Each season of ‘Ray Donovan’ proves just how important the slow-burning Calabasas family drama is to the world of television. The latest run of episodes featured a wife going through stage-zero breast cancer, a daughter escaping an ill-fated relationship with her teacher, and a son who wants to be like his father after being immersed in weapons and violence for so long. To make matters even worse for Ray (Liev Schreiber), his boxing ring is riddled with an incest scandal between siblings Hector (Ismael Cruz Cordova) and Marisol (Lisa Bonet) Campos. Once Hollywood’s favorite fixer completed his due diligence for the sake of the ring, and the body count piling up by the episode, Ray was left with no choice but to consider other options for raising his family. The fourth season of ‘Donovan’ proved to be so great, that many critics began comparing the titular character – to God.
7. Game Of Thrones (Season 6)
I’m a bit late to the ‘Game Of Thrones’ hype mainly because the top three television shows on this list have been spoiling me for several years now. After binging all six seasons in nearly a month’s time, I’ve become a diehard fan of the show. In its sixth season, the power struggle continued amongst the Lannister house, culminating in a (literal) green explosion of tragedy. The show’s penultimate episode ‘The Battle of The Bastards’ has been referred to as one of the best episodes ever. While the episode answered many big questions raised in season six, it was the show’s sixth finale that was even more prolific as Cersei finally got the power (and revenge) that she rightfully deserved. The overall theme of women outsmarting men to achieve greatness is the single best thing about ‘Thrones’, and every (living) female character in the franchise did just that in the sixth finale.
6. Luke Cage (Season 1)
While black cable shows such as ‘Empire’ and ‘How To Get Away With Murder’ reached new lows with their 2016 installments, Netflix’s ‘Luke Cage’ came in as a huge breath of fresh air. The show is a modern adaptation of Marvel’s Power Man, a black man that was experimented on while in prison and given superhuman strength and impenetrable skin. Netflix not only does a superb job of showcasing Luke’s transition into a superhero throughout the series’ first season, but it also paints a better portrait of black women than ‘Lemonade’ ever could. Simone Missick (Misty Knight), Alfre Woodard (Black Mariah), and Rosario Dawson (Claire Temple) each provide performances so epic that you would forget all about Cookie and Olivia just from a first glance.
5. American Crime Story: The People Vs. OJ Simpson (Season 1)
Ryan Murphy added a new franchise to his ever-growing filmography, and this venture has been his most awarded series to date. ‘The People Vs. OJ Simpson’ took a historically accurate look at the infamous OJ trial featuring staples from his ‘American Horror Story’ team. In what could be described as the easiest Emmy awarded to date, Sarah Paulson beautifully portrays attorney Marcia Clark, who was tasked by the city of Los Angeles to find OJ (portrayed by Cuba Gooding Jr.) guilty. Courtney B. Vance played defense attorney Johnnie Cochran in an equally impressive role that gave many black actors a platform to excel in a primarily white cast.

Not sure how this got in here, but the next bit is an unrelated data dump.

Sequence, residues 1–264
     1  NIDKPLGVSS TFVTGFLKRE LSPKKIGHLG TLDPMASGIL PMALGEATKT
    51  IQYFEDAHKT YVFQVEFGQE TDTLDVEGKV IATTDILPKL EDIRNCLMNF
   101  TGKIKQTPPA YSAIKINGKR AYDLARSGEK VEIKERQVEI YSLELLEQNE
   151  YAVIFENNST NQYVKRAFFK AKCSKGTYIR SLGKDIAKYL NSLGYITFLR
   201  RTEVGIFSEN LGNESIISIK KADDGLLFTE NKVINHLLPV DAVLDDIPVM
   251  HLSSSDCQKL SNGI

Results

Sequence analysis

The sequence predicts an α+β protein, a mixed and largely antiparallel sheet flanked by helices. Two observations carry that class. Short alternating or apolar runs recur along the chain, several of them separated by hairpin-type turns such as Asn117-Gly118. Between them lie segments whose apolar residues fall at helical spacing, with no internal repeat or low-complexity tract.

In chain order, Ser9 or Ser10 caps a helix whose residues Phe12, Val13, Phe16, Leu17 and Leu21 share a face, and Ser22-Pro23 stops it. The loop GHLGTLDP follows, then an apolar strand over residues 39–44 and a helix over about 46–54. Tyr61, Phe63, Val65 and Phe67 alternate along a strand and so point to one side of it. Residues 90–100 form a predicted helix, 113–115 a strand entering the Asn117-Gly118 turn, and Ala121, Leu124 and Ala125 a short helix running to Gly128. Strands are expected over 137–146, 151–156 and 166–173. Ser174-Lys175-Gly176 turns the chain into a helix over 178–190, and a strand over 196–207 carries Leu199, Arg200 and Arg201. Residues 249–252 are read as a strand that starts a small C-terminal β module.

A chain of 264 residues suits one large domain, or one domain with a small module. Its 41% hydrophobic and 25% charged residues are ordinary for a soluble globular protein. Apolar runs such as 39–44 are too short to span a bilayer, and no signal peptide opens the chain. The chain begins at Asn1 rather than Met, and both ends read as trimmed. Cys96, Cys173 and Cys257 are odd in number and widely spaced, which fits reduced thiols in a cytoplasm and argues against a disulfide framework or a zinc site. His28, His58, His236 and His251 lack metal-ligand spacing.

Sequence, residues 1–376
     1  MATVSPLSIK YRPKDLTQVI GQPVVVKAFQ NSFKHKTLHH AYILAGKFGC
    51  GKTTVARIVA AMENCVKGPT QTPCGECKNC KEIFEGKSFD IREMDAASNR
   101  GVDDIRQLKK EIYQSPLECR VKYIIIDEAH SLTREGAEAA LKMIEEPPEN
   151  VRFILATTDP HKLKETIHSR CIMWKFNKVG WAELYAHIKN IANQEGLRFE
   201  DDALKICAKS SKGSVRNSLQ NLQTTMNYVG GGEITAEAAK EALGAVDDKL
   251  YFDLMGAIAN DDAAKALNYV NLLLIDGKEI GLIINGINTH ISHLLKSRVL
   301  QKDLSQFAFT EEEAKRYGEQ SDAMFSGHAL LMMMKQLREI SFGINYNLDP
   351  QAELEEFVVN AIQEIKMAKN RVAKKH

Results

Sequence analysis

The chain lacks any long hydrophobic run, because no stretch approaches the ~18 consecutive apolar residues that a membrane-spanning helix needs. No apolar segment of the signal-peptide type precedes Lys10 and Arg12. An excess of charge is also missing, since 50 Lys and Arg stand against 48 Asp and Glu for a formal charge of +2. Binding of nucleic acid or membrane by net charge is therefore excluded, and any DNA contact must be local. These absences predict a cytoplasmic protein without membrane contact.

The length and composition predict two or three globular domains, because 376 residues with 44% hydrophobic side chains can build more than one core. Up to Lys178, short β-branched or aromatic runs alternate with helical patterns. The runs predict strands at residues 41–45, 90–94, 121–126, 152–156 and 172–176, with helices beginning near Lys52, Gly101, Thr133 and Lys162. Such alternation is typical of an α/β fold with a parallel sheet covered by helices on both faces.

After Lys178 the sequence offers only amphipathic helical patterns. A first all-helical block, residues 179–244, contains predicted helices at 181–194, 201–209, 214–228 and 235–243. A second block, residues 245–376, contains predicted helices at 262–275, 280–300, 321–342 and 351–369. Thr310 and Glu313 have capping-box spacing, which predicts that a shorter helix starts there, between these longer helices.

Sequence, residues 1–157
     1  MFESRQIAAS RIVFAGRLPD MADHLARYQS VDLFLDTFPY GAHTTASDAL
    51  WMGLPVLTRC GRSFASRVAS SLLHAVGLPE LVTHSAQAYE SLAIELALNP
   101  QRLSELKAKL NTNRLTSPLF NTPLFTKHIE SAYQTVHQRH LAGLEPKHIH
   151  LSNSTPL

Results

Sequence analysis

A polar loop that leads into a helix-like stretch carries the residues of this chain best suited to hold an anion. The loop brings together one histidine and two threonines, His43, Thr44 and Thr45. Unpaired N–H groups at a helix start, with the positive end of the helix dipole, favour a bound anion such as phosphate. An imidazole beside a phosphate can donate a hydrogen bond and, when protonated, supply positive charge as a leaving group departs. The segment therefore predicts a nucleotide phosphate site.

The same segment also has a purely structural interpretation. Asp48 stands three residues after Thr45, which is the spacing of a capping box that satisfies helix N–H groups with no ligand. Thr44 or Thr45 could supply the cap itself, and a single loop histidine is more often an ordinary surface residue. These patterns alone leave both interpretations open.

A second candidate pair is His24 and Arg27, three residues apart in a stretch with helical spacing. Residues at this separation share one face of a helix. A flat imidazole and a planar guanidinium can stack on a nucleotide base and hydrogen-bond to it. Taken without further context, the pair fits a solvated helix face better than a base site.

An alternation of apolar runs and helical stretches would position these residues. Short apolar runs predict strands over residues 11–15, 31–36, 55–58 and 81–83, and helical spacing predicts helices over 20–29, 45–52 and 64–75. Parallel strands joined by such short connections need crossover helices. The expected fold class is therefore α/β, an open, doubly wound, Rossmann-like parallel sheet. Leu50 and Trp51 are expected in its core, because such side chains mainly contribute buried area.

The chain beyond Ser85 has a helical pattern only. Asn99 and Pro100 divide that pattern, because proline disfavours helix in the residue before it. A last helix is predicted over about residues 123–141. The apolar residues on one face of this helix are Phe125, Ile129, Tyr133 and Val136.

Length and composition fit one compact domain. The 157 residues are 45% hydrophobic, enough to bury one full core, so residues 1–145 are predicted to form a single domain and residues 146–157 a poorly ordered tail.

4. Insecure (Season 1)
Youtube sensation Issa Rae’s show based on her ‘Awkward Black Girl’ series broke out this year and became the best black show on television in its HBO adaptation ‘Insecure’. There were a lot of black shows on television this year, but none painted black culture in a more positive, uplifting, and realistic light as the new HBO series has done. Unlike ‘Girls’, which only focuses on a small group of friends, ‘Insecure’ takes all four main characters and delves into their deepest thoughts and actions all in a thirty minute show. Yvonne Orji has a standout role as Molly, Issa’s cynical best friend who can’t keep a man. The show’s pilot premiered a month early and set off a fire amongst social media because of its greatness.
3. Bloodline (Season 2)
For the second year in a row, television critics have called ‘Bloodline’ the best original series on Netflix – beating out ‘Stranger Things’, ‘Luke Cage’, and ‘Orange Is The New Black’ respectively. Set in the Florida Keys, this year’s ‘Bloodline’ takes a closer look at the motives behind the Rayburn family having to kill off their most troublesome sibling. It’s really hard to put into words just how great ‘Bloodline’ really is, not only as a show but as social commentary for those with a “black sheep” in their family. The Rayburns’ “black sheep” Ben Mendelsohn rightfully defeated ‘Game Of Thrones’ actors Peter Dinklage and Kit Harington to win the ‘Best Drama Actor’ Emmy earlier this year.
2. Orphan Black (Season 4)
In its critically acclaimed fourth year, ‘Orphan Black’ pushed the notion of human cloning even further with introducing its genetic mutation firm Brightborn. After nearly 20+ female clones and 10+ male clones, it was only a matter of time before cloning was further developed through unethical (payola) methods of in-vitro fertilization. This season also introduced children clones (Charlotte) and brought back the Clone Club’s favorite clone villain (Rachel Duncan). Any actress that can portray 10+ completely different versions of themselves in a 45 minute show deserves top recognition in the television academy, and she did just that in 2016 winning her first Emmy for ‘Best Drama Actress’ over Cookie and Annalise.
1. Better Call Saul (Season 2)
Following off the heels of ‘Breaking Bad’, ‘Better Call Saul’ is the best prequel series in the history, without the blood and violence of its predecessor. The ten episodes that premiered in 2016 upped the ante for drama shows by simply telling a great story (about a crooked lawyer) from start to finish. Virginia Beach native Rhea Seehorn delivered an exceptional performance as Saul’s (ethical) girlfriend this year, but things got interesting once his crooked ways started to rub off on her. The third season will finally show the main character’s transition from good to evil, and will likely remain an Emmy staple for years to come.